• There is no shortage of wonderful artefacts and craft objects to take home: ebony carvings from the Trobriand Islands, masks and animal carvings from the Sepik, Madang and New Ireland provinces, and even penis gourds from the upper Sepik and possum-bone necklaces from the Highlands.
  • The best advice to shoppers is to buy one good piece you really like, rather than armfuls of small inferior carvings and artefacts. If you're heading to the Sepik, or any other remote area for a serious shopping spree, bring your own bubble wrap to protect your purchase.
  • Be aware of Australia's strict regulations if you’re thinking of bringing PNG and Solomons artefacts through Australian customs.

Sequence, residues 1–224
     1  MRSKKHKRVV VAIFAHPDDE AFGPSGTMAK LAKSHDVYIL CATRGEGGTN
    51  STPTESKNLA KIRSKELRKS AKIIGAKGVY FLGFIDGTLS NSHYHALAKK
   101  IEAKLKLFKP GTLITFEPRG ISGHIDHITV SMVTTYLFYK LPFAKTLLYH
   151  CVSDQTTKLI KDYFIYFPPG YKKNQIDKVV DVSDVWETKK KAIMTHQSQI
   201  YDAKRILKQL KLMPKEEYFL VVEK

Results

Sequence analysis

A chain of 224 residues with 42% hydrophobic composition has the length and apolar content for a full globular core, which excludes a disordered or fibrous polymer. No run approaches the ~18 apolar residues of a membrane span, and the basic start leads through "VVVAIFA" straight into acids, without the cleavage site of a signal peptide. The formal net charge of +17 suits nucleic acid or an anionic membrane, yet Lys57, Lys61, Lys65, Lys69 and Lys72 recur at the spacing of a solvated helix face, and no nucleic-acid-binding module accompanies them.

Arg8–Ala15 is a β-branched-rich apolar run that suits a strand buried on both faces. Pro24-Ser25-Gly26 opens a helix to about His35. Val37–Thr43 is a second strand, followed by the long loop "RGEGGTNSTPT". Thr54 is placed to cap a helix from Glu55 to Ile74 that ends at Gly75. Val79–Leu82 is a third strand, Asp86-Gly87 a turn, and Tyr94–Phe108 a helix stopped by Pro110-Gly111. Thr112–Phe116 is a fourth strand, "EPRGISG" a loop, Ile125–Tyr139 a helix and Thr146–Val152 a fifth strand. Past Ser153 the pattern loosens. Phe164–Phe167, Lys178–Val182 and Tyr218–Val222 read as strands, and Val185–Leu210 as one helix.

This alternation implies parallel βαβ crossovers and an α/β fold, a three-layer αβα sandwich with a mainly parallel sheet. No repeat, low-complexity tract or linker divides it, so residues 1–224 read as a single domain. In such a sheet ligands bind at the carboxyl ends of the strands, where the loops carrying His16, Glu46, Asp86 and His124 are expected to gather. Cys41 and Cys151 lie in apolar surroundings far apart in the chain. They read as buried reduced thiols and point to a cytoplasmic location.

There is no tradition of bargaining in Melanesian culture, so don’t expect to be able to cut your costs much by haggling. Bargaining is, however, starting to creep into some aspects of society, souvenir shopping being one. For example, artists who are used to dealing with Westerners (eg at Port Moresby’s markets or at the Goroka Show) will have experienced bargaining, so probably won’t be too offended if you make a lower bid for their work. But forget about the old ‘offer one-third and work up to a half’ maxim; it’s more like they ask K300, you offer K200 and you get the piece for K250. Maybe. Some artists are used to being asked for a ‘second price’ but few will appreciate being asked for a ‘third price’.